Born probably at Loppia in Tuscany, Boso joined the canons regular of S. Maria di Reno at Bologna. In 1135 he entered the service of cardinal Guido of SS. Cosma e Damiano and accompanied him in his legatine mission to Spain 1143.[6] After Guido's death in autumn 1149 Boso replaced him as director of papal chancery, though without the title of chancellor.[7] He occupied that post until 3 May 1153.[8]

When Nicholas Breakspear became Pope Adrian IV in December 1154, appointed Boso to the important post of Camerlengo of the Holy Roman Church and confided to him the governorship of the Castle of Sant' Angelo, being somewhat suspicious of the fidelity of the Roman populace. Two years later, on 21 December 1156,[9] the same pope named him cardinal-deacon of SS. Cosma e Damiano; as such, he subscribed papal bulls between 4 January 1157 and 1 August 1165.

When Adrian IV died in 1159, dissensions arose in the conclave as to the choice of his successor, the result of which was the creation of a schism lasting seventeen years. Four cardinals in the imperial interest voted for Cardinal Octavian, who assumed the name of Victor IV, but he was acknowledged only by the Germans. On the very day of Adrian's burial in the Vatican basilica, 5 September, Cardinal Boso, who appears to have taken the lead, withdrew with the majority, twenty-three, of the cardinals within the fortress of Sant' Angelo to escape the vengeance of the antipope. They immedediately elected as pope Cardinal Rolando Bandinelli of Siena, who was consecrated under the name of Pope Alexander III.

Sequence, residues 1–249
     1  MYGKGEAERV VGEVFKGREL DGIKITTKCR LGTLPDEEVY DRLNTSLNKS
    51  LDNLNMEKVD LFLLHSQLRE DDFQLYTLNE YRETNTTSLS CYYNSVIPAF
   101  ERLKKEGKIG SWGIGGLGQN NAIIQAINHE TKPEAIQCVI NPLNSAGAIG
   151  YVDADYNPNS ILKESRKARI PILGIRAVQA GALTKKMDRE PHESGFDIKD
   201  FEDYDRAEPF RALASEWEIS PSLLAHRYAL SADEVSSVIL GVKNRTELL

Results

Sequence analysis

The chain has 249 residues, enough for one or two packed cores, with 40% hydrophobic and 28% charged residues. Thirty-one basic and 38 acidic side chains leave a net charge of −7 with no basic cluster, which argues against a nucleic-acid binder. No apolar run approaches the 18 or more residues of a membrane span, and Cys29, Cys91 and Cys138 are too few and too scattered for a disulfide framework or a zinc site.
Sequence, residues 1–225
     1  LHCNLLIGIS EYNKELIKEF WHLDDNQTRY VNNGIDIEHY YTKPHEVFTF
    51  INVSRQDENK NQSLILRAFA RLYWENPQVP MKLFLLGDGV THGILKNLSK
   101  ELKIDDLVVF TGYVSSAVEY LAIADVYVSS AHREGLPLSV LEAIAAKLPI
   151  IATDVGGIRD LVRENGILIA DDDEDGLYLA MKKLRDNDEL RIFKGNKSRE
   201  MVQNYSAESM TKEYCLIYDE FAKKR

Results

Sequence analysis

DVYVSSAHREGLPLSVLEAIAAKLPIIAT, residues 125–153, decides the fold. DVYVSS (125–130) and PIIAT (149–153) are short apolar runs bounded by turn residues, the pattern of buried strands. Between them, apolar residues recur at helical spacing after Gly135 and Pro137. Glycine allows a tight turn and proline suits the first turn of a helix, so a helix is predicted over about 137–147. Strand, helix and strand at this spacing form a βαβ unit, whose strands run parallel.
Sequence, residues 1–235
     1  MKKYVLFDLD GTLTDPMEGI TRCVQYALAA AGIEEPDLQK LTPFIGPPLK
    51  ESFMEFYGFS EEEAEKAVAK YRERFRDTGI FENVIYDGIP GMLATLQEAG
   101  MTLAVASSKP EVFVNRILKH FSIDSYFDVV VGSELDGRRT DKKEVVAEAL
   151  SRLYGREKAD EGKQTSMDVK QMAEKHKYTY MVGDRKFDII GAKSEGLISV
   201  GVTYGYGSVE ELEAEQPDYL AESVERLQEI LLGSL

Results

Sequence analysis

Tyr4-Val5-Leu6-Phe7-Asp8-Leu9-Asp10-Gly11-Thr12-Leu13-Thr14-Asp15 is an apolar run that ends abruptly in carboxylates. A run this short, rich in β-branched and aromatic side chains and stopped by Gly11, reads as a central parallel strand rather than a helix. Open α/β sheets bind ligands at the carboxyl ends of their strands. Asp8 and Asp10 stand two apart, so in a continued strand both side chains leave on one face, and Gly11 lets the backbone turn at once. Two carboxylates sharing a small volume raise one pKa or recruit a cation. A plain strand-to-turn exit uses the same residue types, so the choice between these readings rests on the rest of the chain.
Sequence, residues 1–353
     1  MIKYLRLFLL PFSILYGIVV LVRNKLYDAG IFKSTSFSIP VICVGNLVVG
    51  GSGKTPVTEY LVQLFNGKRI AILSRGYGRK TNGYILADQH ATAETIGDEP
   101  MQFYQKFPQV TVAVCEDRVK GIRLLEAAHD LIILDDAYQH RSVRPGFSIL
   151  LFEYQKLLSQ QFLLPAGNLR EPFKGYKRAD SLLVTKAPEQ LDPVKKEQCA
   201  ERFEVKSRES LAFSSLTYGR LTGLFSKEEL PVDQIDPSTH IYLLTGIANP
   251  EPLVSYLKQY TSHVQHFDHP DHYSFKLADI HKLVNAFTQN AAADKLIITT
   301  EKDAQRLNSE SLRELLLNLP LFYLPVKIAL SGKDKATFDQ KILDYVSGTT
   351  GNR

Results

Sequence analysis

The new pope was mindful of his obligations to Boso, and soon (no later than 18 March 1166) promoted him Cardinal-Priest of the title of Santa Pudenziana (subscribed the bulls with this title between 18 March 1166 and 29 July 1178). Boso, though dismissed as camerlengo, was subsequently entrusted with several important missions in Northern Italy (1160/61, 1162, 1173/74, 1177).[10] When Alexander made his journey to Venice to receive the submission and allegiance of the Emperor Frederick II, and to ratify the Peace of Venice (24 June 1177) which closed the schism, he was accompanied by Boso.